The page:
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    I See You: Why Washington is Uneasy About Russia's New Early Warning Radars

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    Russia's advanced early warning radars make Washington nervous because they are able to disrupt the costly US stealth aircraft program, Russian military expert Alexey Leonkov told Sputnik.

    It was reported earlier this week that the Russian Defense Ministry has taken steps to establish a network of state-of-the-art early warning radar installations capable of detecting incoming cruise missiles thousands of kilometers away.

    The new Voronezh-VP radar's ability to track incoming ballistic missiles and even low-flying targets like cruise missiles from great distances provides the Russian Armed Forces with ample time to react.

    Working in the meter range, the advanced radars will be able to detect the incoming missiles and directly relay target data to surface-to-air missile systems like the S-300, the S-400 and the upcoming S-500, the Russian newspaper Izvestia reported.

    The new radar network is expected to be based on the already-existing Voronezh-class early warning stations.

    The operations control room of the Voronezh radar. File photo
    © Sputnik / Igor Zarembo
    The operations control room of the Voronezh radar. File photo

    Speaking to Sputnik, Russian military expert Alexey Leonkov explained that the Voronezh-class early warning stations were built in line with a single modular principle.

    "Depending on the modules of an antenna array, it is possible to create the unique Voronezh-VP radar station which was developed by RTI Systems Concern," Leonkov said.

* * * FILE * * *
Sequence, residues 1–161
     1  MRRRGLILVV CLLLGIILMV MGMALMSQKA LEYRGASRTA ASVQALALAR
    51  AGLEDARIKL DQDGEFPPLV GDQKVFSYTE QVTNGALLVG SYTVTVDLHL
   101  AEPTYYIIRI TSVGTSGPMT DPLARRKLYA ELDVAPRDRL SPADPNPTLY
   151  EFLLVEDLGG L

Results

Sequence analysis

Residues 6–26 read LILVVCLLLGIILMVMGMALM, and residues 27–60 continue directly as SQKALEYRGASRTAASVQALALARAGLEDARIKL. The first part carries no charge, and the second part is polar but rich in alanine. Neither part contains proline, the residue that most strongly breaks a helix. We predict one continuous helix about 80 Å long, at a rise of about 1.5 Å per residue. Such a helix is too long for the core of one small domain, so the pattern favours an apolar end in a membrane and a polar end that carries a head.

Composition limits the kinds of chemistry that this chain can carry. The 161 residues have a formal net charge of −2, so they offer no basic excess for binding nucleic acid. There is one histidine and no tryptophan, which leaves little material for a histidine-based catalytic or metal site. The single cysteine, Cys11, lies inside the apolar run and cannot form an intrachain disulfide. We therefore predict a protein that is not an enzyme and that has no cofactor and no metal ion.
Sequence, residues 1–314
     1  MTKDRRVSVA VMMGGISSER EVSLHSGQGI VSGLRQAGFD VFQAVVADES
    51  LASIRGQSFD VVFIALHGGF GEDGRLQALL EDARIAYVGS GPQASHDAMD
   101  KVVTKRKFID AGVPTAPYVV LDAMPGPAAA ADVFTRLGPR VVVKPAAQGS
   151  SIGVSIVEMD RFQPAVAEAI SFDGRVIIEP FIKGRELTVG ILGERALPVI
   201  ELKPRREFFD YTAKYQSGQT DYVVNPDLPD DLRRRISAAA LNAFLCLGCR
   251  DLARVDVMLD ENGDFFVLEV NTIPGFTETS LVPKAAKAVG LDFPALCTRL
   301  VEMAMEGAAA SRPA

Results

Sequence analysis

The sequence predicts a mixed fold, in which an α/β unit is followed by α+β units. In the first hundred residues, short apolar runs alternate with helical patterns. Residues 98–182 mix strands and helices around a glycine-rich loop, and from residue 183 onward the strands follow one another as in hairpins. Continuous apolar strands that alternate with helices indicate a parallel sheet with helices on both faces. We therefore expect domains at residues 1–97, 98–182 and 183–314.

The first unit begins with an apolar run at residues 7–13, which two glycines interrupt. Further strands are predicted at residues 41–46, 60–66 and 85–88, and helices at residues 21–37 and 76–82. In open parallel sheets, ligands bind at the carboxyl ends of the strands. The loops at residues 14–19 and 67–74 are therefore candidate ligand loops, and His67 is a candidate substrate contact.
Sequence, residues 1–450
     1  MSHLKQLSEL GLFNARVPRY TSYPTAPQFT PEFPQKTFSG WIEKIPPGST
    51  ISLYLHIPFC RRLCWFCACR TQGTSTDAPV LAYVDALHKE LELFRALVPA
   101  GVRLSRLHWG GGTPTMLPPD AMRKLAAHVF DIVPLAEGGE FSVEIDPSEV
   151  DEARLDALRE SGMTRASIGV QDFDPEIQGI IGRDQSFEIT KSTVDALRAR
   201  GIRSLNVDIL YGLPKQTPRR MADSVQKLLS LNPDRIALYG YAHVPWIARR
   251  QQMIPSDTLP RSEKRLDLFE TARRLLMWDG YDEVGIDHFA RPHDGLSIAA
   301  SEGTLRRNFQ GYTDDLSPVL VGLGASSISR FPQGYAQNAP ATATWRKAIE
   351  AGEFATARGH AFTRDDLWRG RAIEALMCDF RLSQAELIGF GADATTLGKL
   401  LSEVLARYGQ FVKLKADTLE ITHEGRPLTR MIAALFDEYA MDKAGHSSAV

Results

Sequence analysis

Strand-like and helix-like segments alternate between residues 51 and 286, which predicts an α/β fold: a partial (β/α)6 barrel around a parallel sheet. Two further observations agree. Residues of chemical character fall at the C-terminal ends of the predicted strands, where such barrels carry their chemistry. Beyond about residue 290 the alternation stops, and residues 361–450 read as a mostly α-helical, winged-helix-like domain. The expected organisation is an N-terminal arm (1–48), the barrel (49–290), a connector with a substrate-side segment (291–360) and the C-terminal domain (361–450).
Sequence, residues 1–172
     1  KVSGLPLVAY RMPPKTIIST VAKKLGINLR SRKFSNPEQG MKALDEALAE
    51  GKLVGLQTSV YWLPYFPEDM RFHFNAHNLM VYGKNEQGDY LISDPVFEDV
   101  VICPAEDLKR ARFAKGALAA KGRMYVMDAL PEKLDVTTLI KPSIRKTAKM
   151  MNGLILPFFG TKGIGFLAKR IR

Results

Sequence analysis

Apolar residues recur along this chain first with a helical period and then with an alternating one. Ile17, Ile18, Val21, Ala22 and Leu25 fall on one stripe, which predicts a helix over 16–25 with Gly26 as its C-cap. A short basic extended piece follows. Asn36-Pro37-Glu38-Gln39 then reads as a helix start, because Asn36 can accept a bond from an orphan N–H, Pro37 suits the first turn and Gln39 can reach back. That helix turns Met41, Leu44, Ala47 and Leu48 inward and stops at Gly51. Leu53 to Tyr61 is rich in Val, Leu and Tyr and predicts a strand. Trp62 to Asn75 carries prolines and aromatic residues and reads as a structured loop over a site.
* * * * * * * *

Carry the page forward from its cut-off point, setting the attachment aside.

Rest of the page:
He added that more sophisticated early warning radars are expected to enter service with the Russian Armed Forces in the near future.

    A Voronezh-class radar system in the Kaliningrad region
    © Sputnik / Igor Zarembo
    A Voronezh-class radar system in the Kaliningrad region

    According to him, the state-of-the-art Voronezh-SM radar will work in the centimeter rage.

    "This project is still under development, but I expect several such stations to appear in Russia by 2020," Leonkov said.

    He also said that "Americans always react very vehemently to all this, especially when information about [the Russian radar] stations operating in meter and centimeter ranges is published."

    "Such information rides roughshod over their programs for the development of stealth technologies because it means that their 'invisible' means of air attack become visible. They are very much alarmed and there are wide-scale debates on the matter because these stealth programs cost tens of billions of dollars," he concluded.

    Earlier, Professor Vadim Kozyulin of the Academy of Military Sciences said that that the Voronezh-VP radar's ability to detect and track cruise missiles at considerable distances is probably one of their greatest advantages.

    The newspaper Izvestia quoted him as saying that cruise missiles are probably one of the hardest targets for the air defense forces to detect, and that it normally takes establishing a network comprised of a considerable number of radar stations to create effective countermeasures.


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    service, stealth technologies, project, radar, Voronezh, United States, Russia
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